What are some of the benefits of living in Omaha for Sudanese refugees? What are some of the challenges?
A Journey Well Worth It
Journey from Africa to America
Sudan is an East Central African country. Since 2011 Sudan has been divided into the Republic of Sudan and the Republic of South Sudan.
Sudanese Refugees Call Omaha a New Home:
Violent Civil War has been a reality for many South Sudanese citizens for decades. In the mid-1980s the conflict started to turn, the South Sudanese People’s Liberation Army fought against the Northern Sudanese Army. Southern Sudanese citizens fled to refugee camps to save their lives. Many refugees were eventually resettled in the United States. Omaha, NE eventually became the largest resettlement location in the United States. Refugees came to Omaha in search of a better life. Omaha offers career opportunities, affordable living, and an already established Sudanese community to join. While in Omaha many refugees face challenges adapting to their new lives. Some of these challenges include learning English, finding employment, and developing a new identity in the states. The Southern Sudanese Community Association provides training and education for refugees in Omaha. Since their establishment in 1997, they have served over 1,311 Southern Sudanese families. Many refugees feel that though this journey has been rough it is one that is worth it for the sake of their families. They are hopeful Omaha will someday feel like home.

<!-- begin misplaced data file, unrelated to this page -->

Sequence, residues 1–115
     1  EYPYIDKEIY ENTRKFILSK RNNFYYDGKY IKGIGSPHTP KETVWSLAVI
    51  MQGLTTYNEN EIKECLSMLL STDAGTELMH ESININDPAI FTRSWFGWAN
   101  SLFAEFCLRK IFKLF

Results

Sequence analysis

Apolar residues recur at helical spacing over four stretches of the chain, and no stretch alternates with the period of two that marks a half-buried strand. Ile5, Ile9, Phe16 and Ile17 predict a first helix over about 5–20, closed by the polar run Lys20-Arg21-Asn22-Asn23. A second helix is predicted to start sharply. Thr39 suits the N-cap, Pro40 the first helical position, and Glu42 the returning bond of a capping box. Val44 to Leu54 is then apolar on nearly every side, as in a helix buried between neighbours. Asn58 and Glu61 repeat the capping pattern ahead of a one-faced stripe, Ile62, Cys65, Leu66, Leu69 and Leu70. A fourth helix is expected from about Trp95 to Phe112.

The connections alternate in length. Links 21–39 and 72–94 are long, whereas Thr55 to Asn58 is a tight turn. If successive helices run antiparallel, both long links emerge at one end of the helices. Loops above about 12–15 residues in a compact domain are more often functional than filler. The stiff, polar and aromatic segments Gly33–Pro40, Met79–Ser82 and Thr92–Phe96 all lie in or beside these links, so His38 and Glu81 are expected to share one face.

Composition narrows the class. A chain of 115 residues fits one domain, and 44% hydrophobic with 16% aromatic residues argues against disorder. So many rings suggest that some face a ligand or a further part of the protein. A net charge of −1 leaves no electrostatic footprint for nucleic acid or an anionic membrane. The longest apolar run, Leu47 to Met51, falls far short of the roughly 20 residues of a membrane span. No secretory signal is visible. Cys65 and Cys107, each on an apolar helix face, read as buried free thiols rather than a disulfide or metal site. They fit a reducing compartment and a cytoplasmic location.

Journey from Africa to America
Sudan is an East Central African country. Since 2011 Sudan has been divided into the Republic of Sudan and the Republic of South Sudan. The journey most Southern Sudanese take to America is over 7,000 miles. For many Sudanese, it is a journey of hope for a peaceful future but with these hopes come extreme changes that can be almost as frightening as a war zone. This journey shapes the identity of these refugees, allows them to be part of a new community, and enables them to be free democratic citizens. This story is important because it shows the determination and strength of this growing population within Americas’ borders.
History and Migration